Massachusetts Daily Collegian

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A free and responsible press serving the UMass community since 1890

Massachusetts Daily Collegian

A free and responsible press serving the UMass community since 1890

Massachusetts Daily Collegian

An all-star cast meets a mediocre script in ‘Black Mass’

(Official Black Mass Movie Facebook Page)

The highly anticipated “Black Mass,” starring Oscar-nominated actor Johnny Depp, is alas a very average crime movie. Despite an abundance of A-list actors rounding out the cast, including Benedict Cumberbatch and Joel Edgerton, “Black Mass” crumbles due to poor writing.

The movie opens with a fast, violent scene that suggests a high-speed, gangster movie tempo, but the rest of the film does not maintain this pace. The film slows and thickens, but not in a good, complex fashion. Rather it becomes gelatinous, drifting from scene to scene with no obvious impetus provided by the plot. After two-plus hours the film left me wanting more. I wanted to see more of South Boston, hear more from its citizens, and learn why such a vicious crime lord was somewhat respected and even “loved” by the community he terrorized.

“Black Mass” sets out to depict the evolution of small-time South Boston neighborhood criminal Whitey Bulger (Johnny Depp) into a big-time, murderous, kingpin on the FBI’s most wanted list. Whitey is well known in the South Boston community. The Italians in the North End threaten Bulger’s control of organized crime in Boston, so Whitey strikes up a deal with former Southie kid and current FBI agent John Connolly (Joel Edgerton). He agrees to be an informant to help take down the Italian mob in the north end.

While the Italians distract the FBI, Whitey’s criminal activities are allowed to flourish.

There are moments of potential in the film. Depp delivers a menacing  performance. One second he’s joking around, the next he’s executing a man with no hesitation. Edgerton does an excellent job playing the slimy FBI agent who works under the Bureau’s nose to keep Whitey out of prison.

But despite two solid individual performances, the screenplay written by Mark Mallouk and Jez Butterworth never makes the relationship between Whitey and Connolly strong enough. Connolly is willing to put his neck on the line for Whitey even when fellow FBI officials constantly question the legitimacy of his informant deal, but his only defense is that Whitey was good to him as a kid.

The cinematography is  mostly dark and shadowy. Murky lighting fails to reflect the setting of South Boston. There are a lot of terrifying, close-up shots of Depp, but they aren’t balanced with wide-angle, establishing shots of the environment . The lighting and camerawork make the film disorienting at times.

There is little sense of where each scene takes place in time or space. The score is also dark, comprised of dramatic bass heartbeats. Both the imagery and soundtrack fit together, but fail to allow “Black Mass” to stand out or be unique. It just felt like another cookie-cut crime-thriller movie.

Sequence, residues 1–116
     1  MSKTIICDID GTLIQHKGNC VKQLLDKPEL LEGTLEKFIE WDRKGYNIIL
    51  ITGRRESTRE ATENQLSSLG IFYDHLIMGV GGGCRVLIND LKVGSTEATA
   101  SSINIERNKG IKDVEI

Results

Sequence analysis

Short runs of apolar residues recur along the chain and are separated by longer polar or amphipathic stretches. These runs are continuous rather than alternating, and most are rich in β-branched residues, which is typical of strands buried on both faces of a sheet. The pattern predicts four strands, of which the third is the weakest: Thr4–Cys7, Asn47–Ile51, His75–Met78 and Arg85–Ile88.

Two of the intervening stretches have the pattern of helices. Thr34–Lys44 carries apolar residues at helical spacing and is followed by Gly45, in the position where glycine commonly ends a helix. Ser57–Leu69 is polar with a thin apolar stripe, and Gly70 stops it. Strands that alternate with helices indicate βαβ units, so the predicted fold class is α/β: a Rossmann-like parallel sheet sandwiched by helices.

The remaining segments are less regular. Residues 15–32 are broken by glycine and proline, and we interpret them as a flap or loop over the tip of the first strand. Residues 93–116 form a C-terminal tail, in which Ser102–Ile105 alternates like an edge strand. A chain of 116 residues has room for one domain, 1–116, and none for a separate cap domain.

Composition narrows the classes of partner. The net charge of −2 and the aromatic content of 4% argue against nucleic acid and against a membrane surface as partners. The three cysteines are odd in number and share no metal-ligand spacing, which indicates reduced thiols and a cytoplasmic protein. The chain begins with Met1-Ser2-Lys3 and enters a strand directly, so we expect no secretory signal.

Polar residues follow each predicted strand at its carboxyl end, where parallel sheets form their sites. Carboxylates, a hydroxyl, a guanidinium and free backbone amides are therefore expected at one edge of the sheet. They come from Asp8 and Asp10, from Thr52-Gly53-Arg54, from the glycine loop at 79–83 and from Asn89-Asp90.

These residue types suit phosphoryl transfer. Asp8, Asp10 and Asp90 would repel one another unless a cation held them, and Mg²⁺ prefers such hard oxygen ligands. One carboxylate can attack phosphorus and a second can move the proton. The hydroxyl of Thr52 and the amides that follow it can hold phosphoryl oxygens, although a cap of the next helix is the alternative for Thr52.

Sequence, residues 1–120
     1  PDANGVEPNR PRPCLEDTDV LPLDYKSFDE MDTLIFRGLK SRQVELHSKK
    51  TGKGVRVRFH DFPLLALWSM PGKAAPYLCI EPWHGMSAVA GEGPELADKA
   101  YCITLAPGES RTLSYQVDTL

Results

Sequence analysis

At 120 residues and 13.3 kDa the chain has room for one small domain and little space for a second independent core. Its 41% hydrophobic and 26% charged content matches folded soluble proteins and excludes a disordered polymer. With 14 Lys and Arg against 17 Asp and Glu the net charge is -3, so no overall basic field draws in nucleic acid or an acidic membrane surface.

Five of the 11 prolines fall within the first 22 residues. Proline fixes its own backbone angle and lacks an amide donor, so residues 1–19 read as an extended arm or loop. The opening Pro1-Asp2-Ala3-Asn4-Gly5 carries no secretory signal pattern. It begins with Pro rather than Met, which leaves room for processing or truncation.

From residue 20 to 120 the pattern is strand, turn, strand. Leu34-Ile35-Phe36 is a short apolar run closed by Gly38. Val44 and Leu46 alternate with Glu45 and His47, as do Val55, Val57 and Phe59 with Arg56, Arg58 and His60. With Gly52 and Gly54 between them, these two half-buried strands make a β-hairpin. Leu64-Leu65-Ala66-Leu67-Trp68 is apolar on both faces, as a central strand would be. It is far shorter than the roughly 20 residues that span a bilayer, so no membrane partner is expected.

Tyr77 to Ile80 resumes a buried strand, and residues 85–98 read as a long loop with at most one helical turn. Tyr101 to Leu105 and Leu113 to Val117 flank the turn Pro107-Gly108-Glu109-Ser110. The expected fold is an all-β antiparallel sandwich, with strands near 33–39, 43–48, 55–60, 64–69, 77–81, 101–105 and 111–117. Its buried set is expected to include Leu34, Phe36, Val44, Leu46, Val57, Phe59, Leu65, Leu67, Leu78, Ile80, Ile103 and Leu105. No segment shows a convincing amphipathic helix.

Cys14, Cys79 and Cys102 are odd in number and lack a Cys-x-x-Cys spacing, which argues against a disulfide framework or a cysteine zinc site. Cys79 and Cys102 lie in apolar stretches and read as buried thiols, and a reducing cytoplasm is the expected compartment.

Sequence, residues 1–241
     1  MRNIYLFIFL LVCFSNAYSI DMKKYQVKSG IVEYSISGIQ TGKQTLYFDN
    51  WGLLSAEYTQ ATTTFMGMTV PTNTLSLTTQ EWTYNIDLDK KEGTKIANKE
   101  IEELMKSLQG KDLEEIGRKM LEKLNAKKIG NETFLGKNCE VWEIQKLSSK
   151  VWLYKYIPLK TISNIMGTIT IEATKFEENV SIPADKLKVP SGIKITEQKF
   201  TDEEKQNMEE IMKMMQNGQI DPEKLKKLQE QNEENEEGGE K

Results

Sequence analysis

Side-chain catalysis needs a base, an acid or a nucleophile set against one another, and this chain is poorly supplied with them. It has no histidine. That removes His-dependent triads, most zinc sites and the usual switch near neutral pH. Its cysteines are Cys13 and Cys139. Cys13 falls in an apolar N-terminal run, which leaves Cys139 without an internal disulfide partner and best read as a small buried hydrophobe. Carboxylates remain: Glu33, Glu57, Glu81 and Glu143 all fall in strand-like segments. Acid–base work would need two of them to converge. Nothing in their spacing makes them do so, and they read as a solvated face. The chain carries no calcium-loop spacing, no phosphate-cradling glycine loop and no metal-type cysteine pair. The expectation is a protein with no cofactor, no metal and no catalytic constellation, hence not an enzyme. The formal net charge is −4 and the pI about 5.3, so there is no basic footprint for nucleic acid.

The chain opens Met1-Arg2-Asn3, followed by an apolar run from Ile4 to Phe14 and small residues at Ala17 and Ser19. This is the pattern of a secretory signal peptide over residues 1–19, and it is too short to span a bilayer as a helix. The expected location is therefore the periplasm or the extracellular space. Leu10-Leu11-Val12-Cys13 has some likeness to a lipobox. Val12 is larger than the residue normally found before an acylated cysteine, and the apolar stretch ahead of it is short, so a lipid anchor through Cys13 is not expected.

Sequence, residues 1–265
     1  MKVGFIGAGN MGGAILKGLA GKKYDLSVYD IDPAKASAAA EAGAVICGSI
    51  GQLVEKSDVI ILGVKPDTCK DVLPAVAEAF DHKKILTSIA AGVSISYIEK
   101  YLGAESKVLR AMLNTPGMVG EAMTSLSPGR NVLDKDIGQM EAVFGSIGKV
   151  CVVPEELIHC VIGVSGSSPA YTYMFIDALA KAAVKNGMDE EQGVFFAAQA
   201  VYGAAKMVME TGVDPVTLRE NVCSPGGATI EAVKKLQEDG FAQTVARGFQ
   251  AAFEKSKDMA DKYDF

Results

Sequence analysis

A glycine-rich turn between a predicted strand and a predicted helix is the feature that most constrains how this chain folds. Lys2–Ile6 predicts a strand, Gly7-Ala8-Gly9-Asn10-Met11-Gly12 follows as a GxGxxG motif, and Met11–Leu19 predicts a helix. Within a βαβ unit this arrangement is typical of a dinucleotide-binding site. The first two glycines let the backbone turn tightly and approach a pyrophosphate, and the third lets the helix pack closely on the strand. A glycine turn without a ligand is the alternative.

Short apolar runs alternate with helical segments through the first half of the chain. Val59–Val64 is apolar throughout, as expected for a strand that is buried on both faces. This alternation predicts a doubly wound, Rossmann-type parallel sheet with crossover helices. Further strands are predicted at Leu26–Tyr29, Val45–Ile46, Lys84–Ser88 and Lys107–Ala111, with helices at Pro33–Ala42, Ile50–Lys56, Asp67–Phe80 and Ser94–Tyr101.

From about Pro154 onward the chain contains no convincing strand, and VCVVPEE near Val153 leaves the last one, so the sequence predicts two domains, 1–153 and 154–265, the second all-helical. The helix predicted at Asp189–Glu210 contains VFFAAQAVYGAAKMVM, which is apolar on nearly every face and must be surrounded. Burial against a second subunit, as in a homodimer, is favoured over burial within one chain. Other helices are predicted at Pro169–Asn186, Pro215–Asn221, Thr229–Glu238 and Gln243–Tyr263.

Perhaps the sound and production crew could have incorporated a more Irish soundtrack to fit the context of the movie, though I guess the Dropkick Murphys were off the market, considering their role in the soundtrack of Martin Scorsese’s “The Departed.”

A major theme in “Black Mass” is loyalty. One of the reasons Whitey was on the run for so long is because people from the neighborhood were so loyal to him that they were unwilling to talk to law enforcement. In a New York Times interview, director Scott Cooper said that he wanted to display Whitey Bulger’s “humanity” as much as his inhumanity.

Cooper did do a decent job of showing the more humane aspects to Whitey’s character, which is apparent in scenes involving Whitey’s son, an elderly neighborhood woman named Mrs. Cody, and sequences in which Whitey plays cards with his mom. But I still didn’t find these scenes compelling enough to believe people in South Boston liked Whitey Bulger enough to protect him from the FBI.

A lot of the focus is put on Whitey. He is the central character of the movie, but a lot of his character traits, especially the gentler ones, seem forced because he is the focus of so much of the film. There is little input provided by the characters that are not involved in Whitey’s gang or the FBI.

It would have beneficial if the film chose to focus less on Whitey and more on the effect he had on the community of South Boston as a whole. That way Whitey’s character traits would emerge more organically and they would be more believable. I might then be convinced that people in Southie “loved” Whitey Bulger even after watching brutal murder scenes where his piercing blue eyes show no signs of remorse.

It’s apparent that the cast and crew put in a lot of hard work, but the dull script and disorienting cinematography diminish much of the film’s potential. Despite all of the hype, “Black Mass” fails to meet expectations.

Matthew Armstrong can be reached at [email protected].

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  • D

    DaveJul 27, 2016 at 4:44 am

    Terrible screenplay! Worst dialogue ever! Slow, boring, no tension and release. Total piece of garbage!

  • P

    poppy artSep 30, 2015 at 3:12 pm

    great job.well done